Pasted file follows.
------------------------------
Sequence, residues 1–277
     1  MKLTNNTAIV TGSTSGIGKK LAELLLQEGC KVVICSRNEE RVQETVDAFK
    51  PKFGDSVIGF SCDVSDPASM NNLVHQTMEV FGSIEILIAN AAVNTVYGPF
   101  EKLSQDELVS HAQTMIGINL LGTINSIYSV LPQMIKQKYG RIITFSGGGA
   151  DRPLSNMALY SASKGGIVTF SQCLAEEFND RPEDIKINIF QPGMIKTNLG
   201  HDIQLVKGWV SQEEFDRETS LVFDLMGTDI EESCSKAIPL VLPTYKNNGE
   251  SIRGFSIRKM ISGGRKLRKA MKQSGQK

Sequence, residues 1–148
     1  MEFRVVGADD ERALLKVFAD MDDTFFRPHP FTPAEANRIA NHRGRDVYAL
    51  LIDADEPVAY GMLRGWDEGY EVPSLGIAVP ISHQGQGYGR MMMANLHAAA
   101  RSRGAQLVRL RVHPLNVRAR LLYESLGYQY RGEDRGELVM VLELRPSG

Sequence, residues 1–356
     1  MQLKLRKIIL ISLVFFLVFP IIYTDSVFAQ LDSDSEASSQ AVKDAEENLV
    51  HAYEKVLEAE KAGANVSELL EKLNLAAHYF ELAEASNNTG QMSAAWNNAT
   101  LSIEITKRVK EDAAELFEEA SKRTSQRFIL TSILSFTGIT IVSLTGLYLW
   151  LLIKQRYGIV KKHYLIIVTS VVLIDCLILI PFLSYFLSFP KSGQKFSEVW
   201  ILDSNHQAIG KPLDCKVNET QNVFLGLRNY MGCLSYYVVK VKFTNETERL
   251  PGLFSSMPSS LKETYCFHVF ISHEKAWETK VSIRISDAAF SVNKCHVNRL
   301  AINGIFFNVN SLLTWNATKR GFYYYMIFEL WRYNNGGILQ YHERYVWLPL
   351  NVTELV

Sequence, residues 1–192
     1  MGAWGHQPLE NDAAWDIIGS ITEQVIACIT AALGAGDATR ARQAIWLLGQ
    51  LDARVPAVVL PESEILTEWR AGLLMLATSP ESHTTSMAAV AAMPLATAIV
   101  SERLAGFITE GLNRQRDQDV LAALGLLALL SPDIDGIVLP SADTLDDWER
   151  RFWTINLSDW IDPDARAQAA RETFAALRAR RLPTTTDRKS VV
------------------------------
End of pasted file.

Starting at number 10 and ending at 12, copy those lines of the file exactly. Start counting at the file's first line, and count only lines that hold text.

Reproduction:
    51  LIDADEPVAY GMLRGWDEGY EVPSLGIAVP ISHQGQGYGR MMMANLHAAA
   101  RSRGAQLVRL RVHPLNVRAR LLYESLGYQY RGEDRGELVM VLELRPSG

Sequence, residues 1–356